Whether you are shopping for a new or a used car, these tips will help you to save money. The car loan industry is far from standardized. Shop around at different places and the same person, providing the same identical information on all of the applications, will receive offers with different interest rates, different loan origination fees and other fee add-ons. Use these tips to find the cheapest car loan.
Calculate how much payment you can afford, and how much credit you will actually receive, before ever setting foot on the car lot. The least expensive loans are the ones with the shortest repayment period, especially with the interest being compounded daily. A three-year car loan may also have a significantly lower interest rate than a five-year loan and, due to the lower interest rate, the monthly payment may be only slightly higher.
Price two models that you would like to buy. Include the cost of extra options and upgrades. Then add in all of the fees such as dealer prep and transportation, loan origination charges, and whatever else they plan to tack onto your bill. This is only the amount of money you would borrow upfront to drive the car off the lot.
Go to the Bankrate.com website and pull up their loan amortization calculator. It will calculate how many thousands of dollars you will pay in interest with that rip-off daily compounding. It takes less than a second to calculate. Do this for both vehicles and for both the three-year and five-year car loans.
Divide the Bankrate.com total amount by the number of monthly payments. For example, if the amount is $22,000 over 5 years, then divide 22000 / 60 = $ 366.67 for principal and interest only. Do this for both model cars that you like.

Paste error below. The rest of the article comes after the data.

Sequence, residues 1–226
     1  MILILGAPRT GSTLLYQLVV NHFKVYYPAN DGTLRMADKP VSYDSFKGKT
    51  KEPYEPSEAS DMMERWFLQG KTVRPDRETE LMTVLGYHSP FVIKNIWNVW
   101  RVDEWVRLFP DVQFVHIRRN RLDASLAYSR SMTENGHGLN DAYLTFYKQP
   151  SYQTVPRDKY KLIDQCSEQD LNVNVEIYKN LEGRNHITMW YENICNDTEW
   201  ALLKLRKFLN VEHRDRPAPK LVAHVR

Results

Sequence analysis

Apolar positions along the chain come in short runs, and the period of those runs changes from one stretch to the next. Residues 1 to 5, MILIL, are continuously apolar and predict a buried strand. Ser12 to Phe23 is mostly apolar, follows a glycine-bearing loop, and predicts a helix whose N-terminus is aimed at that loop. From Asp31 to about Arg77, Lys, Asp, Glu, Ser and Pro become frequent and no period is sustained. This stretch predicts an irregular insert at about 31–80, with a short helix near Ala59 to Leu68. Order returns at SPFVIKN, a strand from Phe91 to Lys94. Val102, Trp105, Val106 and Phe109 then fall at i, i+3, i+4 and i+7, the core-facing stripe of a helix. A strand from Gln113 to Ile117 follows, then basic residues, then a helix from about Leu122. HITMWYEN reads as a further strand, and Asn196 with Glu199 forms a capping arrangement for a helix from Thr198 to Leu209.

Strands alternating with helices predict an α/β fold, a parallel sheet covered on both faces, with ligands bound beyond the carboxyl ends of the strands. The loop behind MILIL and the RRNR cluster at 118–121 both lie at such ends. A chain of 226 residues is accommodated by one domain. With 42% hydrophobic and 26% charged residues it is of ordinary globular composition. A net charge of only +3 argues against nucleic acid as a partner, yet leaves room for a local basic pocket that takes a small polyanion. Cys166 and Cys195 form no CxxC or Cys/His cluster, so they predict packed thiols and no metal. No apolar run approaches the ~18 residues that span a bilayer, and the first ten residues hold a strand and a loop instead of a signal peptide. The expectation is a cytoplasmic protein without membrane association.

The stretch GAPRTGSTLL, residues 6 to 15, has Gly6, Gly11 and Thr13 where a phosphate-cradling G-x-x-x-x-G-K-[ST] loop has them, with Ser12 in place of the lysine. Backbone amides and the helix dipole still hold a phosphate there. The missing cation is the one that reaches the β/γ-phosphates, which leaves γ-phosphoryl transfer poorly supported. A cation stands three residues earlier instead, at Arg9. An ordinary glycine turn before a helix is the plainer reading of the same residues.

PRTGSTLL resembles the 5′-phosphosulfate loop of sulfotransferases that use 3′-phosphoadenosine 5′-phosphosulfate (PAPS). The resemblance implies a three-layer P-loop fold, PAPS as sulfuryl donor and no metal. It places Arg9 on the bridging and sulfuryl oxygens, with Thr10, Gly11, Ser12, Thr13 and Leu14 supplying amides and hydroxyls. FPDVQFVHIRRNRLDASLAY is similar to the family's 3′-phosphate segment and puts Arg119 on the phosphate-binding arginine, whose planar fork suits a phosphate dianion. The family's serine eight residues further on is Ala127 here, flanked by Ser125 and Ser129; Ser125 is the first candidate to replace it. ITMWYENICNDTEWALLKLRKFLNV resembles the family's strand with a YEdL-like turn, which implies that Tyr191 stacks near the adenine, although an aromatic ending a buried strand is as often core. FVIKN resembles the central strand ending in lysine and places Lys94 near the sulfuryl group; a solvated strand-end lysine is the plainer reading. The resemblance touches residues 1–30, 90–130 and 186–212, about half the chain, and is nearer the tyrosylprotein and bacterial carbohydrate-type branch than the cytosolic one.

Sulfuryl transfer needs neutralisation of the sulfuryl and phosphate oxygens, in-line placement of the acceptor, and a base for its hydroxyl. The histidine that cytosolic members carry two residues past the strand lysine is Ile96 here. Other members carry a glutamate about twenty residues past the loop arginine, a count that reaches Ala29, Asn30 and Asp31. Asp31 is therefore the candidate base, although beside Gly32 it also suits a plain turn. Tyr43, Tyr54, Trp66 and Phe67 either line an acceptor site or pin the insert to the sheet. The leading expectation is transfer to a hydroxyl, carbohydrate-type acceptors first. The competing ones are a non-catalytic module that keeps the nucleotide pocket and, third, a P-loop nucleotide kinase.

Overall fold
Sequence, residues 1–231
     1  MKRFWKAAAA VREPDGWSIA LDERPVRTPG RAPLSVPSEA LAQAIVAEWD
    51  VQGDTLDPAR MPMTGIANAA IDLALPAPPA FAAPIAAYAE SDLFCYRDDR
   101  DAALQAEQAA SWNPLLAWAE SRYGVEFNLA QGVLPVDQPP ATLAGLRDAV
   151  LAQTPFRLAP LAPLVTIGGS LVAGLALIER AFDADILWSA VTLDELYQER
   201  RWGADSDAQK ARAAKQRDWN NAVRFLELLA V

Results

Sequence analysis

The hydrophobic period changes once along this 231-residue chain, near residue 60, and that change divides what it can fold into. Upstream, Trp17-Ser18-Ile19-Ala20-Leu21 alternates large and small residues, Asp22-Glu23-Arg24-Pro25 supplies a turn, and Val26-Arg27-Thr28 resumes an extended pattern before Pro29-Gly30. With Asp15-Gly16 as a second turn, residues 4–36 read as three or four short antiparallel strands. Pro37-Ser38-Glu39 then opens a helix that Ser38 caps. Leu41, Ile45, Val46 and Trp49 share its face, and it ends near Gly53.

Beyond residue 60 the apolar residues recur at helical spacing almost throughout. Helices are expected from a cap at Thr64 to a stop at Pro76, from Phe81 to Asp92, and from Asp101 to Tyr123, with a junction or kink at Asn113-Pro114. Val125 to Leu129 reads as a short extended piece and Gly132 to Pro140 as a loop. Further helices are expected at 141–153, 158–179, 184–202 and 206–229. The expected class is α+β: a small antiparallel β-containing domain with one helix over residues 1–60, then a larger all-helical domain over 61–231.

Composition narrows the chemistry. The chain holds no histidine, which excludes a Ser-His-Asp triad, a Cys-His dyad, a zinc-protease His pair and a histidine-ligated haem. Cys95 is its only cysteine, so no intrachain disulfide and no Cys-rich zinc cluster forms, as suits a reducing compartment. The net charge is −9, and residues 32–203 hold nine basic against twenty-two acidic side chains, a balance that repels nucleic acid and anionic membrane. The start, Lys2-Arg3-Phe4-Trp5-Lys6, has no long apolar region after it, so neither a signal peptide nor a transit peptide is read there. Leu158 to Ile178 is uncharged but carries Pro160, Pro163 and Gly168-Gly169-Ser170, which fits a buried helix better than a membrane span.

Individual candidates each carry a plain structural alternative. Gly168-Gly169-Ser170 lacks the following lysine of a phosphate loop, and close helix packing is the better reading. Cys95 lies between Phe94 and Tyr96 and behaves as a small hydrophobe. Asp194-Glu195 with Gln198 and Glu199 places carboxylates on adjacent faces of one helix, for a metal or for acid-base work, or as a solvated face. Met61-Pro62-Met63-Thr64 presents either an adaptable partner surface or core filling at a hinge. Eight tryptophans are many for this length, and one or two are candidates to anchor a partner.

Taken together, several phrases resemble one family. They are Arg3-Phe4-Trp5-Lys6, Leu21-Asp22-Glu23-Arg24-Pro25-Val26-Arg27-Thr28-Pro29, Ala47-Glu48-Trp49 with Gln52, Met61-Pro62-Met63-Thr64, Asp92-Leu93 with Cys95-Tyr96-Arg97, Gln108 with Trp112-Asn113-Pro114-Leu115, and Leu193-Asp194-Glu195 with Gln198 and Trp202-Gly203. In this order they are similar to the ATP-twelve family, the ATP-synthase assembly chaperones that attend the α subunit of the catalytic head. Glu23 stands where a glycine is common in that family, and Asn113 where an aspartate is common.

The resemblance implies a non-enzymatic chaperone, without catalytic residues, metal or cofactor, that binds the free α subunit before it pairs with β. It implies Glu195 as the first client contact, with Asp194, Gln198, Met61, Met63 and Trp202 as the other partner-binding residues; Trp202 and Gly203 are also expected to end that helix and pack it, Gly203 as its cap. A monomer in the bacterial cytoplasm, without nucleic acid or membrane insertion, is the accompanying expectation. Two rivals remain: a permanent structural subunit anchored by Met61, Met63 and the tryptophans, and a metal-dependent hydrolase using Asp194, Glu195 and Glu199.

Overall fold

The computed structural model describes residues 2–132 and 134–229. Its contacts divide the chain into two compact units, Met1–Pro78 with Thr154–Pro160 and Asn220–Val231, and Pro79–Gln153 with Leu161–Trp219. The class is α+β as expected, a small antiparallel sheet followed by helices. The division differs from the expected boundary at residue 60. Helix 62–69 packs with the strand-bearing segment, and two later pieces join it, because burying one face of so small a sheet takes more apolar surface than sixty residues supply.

Stop by or call your car insurance agent and ask for a quote on both vehicles. The premium can vary significantly on similar models due to crash rating, recalls, theft rates, cost of repairs and other factors. Add these quotes to the monthly payment above, even if you will be paying for the insurance separately.
Add in additional fees that you might be required to pay on the car loan such as a monthly life and disability insurance premium and monthly payment processing fees, etc. This new total will be a close estimate of the monthly cost of your car. It could be more expensive depending on whether you or the car dealer pays for the required new car maintenance costs (oil change, tire rotation, etc.) every three months.
Compare the totals for both cars along with whatever information your insurance agent provided to you about their safety or cost of repairs. Then decide whether a three-year or five-year repayment plan is better for you. If you decide against tossing that much money into a new car purchase, then follow this procedure for a gently used car.